Standup paddleboarding takes off: ‘It just looks easy’


Idaho State Parks and Recreation issued a reminder last week that the U.S. Coast Guard classified standup paddleboards as vessels in 2008 (except when used in swimming, surfing or bathing areas). Rules that apply: Paddleboards must have a Coast Guard-approved life jacket and sound-producing device aboard. Kids who are 14 years or younger must wear a life jacket. The fine for violations is $99.

Paddleboards must display the Idaho Invasive Species Sticker. The fine for violations is $72.

Paddleboards are subject to inspection at invasive-species checkpoints.

Paddleboarders can be arrested for operating their vessels under the influence of drugs or alcohol, just like drivers.

The annual Invasive Species Sticker costs $7 for non-motorized boats. It’s required for paddleboards of all sizes and construction. The sticker proceeds fund invasive-species prevention efforts by the Idaho Department of Agriculture. Idaho has one documented paddleboard death, a drowning on Payette Lake in 2013.

BOISE, Idaho — If you’ve gazed at the people gliding along ponds, lakes, rivers and ocean bays on standup paddleboards and wondered if you should try it …

“Yes, you should,” Anna George of Emmett said.

George started paddleboarding (also known as SUP) about a year ago. She already has competed in flatwater and whitewater paddleboard races. She enjoys the fitness benefits and the freedom to explore Idaho from a vantage point you can’t get from the road or even other watercraft.

“There are so many beautiful, calm stretches (of river) that people do,” George said. “It’s something I’ve definitely become addicted to.” She certainly isn’t alone.

Standup paddleboarding has become a full-on craze in the Treasure Valley. Quinn’s Pond is cluttered with paddleboarders from about 1 p.m. to dark on weekdays this time of year.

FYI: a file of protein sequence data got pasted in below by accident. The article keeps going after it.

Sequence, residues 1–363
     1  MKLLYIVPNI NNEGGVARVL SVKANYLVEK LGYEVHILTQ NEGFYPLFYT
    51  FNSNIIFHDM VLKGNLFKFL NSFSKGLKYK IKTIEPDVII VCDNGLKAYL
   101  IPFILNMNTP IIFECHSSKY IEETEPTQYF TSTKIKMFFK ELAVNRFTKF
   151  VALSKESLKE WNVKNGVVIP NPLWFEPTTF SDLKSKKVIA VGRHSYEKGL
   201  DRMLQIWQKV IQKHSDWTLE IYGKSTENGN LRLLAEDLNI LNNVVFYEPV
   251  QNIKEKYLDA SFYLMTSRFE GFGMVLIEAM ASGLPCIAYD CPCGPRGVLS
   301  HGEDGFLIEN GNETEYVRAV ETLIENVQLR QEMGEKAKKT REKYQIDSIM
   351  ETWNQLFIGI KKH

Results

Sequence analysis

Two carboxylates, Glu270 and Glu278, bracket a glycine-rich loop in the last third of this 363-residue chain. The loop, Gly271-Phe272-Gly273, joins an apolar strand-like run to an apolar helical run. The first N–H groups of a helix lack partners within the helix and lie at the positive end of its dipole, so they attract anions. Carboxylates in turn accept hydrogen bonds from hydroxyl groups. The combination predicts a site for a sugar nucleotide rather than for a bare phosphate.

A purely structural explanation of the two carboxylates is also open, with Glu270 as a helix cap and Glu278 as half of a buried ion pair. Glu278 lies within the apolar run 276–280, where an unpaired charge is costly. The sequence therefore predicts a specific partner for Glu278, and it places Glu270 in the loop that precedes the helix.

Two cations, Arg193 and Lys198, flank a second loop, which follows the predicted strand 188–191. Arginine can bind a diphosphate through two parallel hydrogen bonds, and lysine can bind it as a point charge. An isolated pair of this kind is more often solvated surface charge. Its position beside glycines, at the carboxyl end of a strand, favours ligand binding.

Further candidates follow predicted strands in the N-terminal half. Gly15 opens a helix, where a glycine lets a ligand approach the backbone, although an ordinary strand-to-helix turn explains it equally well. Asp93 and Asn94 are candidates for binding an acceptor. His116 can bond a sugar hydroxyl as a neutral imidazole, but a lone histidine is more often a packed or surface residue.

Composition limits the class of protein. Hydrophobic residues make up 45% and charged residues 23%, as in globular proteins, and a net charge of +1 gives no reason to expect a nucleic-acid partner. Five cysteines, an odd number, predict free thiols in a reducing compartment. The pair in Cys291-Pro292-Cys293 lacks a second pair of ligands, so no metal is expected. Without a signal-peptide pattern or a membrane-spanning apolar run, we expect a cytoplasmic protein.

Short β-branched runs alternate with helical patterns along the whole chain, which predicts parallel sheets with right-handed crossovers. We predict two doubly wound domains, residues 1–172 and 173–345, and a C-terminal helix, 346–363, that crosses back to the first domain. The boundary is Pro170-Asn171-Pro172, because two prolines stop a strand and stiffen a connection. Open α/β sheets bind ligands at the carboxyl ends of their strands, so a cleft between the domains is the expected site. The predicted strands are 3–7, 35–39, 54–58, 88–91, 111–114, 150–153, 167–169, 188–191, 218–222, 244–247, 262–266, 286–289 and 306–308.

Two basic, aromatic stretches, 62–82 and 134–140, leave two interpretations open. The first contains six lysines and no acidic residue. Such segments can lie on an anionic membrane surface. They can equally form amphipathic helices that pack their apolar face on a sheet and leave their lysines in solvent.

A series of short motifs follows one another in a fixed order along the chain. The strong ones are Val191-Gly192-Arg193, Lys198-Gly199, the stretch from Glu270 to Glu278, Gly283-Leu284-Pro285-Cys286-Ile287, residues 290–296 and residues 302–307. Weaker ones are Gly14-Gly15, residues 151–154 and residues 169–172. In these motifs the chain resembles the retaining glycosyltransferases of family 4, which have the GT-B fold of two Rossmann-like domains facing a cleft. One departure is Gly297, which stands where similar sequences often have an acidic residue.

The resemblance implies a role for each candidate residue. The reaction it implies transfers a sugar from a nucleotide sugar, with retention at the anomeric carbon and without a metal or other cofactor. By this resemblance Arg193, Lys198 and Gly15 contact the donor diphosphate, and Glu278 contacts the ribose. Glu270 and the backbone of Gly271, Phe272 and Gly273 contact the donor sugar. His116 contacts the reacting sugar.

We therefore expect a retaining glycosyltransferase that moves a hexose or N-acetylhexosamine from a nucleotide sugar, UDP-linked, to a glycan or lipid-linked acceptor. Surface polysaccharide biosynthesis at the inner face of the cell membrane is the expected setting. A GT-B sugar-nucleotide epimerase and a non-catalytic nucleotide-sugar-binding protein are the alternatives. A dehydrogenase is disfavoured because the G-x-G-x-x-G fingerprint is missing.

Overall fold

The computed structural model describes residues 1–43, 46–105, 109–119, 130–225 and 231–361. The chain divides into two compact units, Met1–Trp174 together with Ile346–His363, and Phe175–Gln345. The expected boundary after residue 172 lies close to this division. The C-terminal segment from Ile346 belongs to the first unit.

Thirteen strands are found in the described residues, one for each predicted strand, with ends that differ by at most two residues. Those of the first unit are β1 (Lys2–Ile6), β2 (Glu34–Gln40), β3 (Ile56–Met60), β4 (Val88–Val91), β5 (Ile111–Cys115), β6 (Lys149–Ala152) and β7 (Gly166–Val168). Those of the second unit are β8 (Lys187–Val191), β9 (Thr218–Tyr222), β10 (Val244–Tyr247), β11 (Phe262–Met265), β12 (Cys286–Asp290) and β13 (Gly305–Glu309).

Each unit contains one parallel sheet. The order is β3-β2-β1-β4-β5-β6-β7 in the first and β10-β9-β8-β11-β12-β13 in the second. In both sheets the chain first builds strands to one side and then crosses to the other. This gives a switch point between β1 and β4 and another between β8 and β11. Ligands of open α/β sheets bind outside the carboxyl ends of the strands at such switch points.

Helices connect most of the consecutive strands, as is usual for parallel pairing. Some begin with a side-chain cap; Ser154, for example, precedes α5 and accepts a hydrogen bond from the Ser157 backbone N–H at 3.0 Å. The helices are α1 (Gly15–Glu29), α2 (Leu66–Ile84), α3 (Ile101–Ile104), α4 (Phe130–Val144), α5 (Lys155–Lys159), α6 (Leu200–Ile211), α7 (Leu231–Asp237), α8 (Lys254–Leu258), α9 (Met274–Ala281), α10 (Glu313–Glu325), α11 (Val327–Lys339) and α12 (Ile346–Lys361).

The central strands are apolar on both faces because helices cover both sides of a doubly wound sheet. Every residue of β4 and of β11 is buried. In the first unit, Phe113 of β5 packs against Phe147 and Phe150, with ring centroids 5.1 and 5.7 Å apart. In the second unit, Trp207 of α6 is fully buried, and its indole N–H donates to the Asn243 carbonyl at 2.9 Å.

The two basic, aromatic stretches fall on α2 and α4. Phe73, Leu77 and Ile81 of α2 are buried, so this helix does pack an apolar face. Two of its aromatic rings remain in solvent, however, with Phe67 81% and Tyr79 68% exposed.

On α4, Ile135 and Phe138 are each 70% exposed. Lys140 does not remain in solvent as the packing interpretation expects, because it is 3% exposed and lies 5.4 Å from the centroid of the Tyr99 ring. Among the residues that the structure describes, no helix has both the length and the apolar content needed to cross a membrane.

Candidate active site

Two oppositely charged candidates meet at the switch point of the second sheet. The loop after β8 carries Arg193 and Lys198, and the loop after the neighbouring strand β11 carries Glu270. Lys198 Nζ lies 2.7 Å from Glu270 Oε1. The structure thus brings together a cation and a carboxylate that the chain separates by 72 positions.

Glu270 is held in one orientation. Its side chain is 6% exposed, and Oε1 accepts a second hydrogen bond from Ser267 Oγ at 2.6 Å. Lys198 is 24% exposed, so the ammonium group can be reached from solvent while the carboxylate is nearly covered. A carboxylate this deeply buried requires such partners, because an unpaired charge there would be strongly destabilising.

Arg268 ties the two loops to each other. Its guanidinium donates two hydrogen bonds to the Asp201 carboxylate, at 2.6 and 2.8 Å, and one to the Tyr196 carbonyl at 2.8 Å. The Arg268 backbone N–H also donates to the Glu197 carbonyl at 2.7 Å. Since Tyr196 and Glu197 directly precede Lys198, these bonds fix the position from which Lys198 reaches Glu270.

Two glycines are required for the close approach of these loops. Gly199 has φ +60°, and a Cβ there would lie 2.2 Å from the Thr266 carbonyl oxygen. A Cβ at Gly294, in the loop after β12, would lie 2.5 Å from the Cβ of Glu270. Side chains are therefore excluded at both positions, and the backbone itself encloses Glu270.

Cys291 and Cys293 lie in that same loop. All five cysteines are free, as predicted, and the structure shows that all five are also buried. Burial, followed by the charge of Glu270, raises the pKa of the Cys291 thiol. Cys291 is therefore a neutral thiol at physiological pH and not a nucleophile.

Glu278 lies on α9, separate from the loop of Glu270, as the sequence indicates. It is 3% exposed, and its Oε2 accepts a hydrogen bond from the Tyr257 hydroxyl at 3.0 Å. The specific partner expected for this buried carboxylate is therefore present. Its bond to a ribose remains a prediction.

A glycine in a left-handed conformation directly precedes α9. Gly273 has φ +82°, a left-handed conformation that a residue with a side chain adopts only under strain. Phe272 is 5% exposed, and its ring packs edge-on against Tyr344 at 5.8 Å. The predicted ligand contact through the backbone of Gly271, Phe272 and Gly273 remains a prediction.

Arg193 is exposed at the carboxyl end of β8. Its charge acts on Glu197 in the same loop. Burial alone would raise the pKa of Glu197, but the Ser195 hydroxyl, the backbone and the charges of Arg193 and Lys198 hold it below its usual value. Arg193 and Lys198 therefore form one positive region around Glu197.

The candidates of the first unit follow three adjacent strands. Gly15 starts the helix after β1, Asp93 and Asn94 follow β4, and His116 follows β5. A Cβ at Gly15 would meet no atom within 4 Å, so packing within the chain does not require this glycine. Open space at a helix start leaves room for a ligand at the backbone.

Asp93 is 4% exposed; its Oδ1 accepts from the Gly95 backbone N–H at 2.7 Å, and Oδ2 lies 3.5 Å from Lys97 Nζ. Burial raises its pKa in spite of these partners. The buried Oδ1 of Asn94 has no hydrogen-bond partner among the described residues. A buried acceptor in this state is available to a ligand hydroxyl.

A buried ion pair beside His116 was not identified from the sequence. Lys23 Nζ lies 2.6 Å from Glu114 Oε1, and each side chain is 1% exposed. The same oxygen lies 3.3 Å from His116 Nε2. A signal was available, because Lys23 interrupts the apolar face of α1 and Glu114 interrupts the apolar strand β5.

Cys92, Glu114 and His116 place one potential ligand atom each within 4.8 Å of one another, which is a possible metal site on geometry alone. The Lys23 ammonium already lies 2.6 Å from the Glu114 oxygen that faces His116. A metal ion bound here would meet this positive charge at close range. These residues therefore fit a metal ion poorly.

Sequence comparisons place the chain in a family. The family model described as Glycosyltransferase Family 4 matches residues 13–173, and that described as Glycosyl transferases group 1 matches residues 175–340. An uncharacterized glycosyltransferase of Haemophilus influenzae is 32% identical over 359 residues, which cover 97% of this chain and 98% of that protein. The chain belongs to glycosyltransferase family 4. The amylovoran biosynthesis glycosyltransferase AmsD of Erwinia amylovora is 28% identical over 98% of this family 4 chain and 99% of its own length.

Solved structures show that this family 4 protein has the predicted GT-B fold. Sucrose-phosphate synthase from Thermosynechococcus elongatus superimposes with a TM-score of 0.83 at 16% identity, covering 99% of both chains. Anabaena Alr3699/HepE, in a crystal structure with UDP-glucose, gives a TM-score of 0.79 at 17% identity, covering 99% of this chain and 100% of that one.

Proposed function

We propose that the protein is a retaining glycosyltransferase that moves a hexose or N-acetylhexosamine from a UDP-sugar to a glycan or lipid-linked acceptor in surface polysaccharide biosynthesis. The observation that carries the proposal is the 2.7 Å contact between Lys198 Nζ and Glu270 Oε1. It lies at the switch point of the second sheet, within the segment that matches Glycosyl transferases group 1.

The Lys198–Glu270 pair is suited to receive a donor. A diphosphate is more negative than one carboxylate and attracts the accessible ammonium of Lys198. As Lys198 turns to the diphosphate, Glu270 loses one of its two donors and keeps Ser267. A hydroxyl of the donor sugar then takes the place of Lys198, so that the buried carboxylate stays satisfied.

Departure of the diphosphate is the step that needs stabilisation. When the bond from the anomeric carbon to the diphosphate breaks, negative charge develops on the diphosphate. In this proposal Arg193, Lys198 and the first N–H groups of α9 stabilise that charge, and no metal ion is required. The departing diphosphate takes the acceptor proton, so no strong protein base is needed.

“It has just exploded,” said Jayne Saunders, who teaches SUP classes for Idaho River Sports. “I think it’s because you can take it so many different routes: You can cruise around out here recreationally, people do standup paddleboard yoga on them, there’s a lot of people getting into whitewater on them, a lot of people do overnight trips now where they’re camping from their boards.” Jo Cassin, the co-owner of Idaho River Sports, said standup paddleboards have replaced kayaks as the store’s No. 1 seller. SUP rentals outpace kayak rentals by about 15 to 1. The store, which is adjacent to Quinn’s Pond and the Boise River Park, has more than 70 rental boards in its fleet and still has a waiting list during busy times.

Cassin for years tried to get friends to go kayaking with her and was turned down because they considered that sport “death-defying.” Paddleboarding, on the other hand, “is not intimidating at all,” Cassin said. “It just looks easy.” The basics are.

Paddleboarders mount their boards in shallow water by kneeling in the center, facing forward. They have one long paddle, which they use to move away from shore. After gaining some momentum and getting comfortable, they rise to their feet and paddle. On a calm body of water like Quinn’s Pond, many people get through their first experience without falling.

“A lot of times people are so surprised that they can stand up,” George said. “It’s fun to see that.” Paddleboarding has its roots in the Hawaii surf culture. It has morphed into an all-purpose water sport — practiced on ponds, lakes, flatwater rivers, whitewater rivers and oceans.

It’s a natural addition for Idaho, where scenic lakes and rivers are abundant.

“Where I first saw it was on Kauai about 2006 and decided, ‘Hey, this looks like something I could bring home to Idaho and do here, too,’ ” said Jimmy Smith, another SUP instructor. “I tried to find a board. The only board I could find was in Hood River (Ore.). They had one, and I bought it.” Smith has taught a nun, stroke survivors and “some really big people at the beginning of the year who were very small people by the end of the year by getting very attached to the sport,” he said.

“It’s a very good upper-body, core workout,” Smith said. “Anything that fools you into working while you’re having fun is going to do some magic.”



Like many first-time paddleboarders, I was convinced I was going to fall into the water — even after Idaho River Sports co-owner Jo Cassin assured me I wouldn’t. I arrived at Quinn’s Pond on an unseasonably cool, breezy morning, too.

But as Cassin predicted, I stayed upright. And when I stepped into the water to get on the paddleboard, I realized the water wasn’t cold anyway.

Paddleboard instructor Jayne Saunders gave me about a 5-minute briefing, and I slid my board into the water.

Kneeling on the board was easy. Standing up was trickier. I aborted two or three attempts because the paddleboard seemed unstable. Then Saunders suggested I get the board moving and stand up while it had forward momentum. That worked. The rest was carefree cruising around the pond, even with the choppy water created by the wind.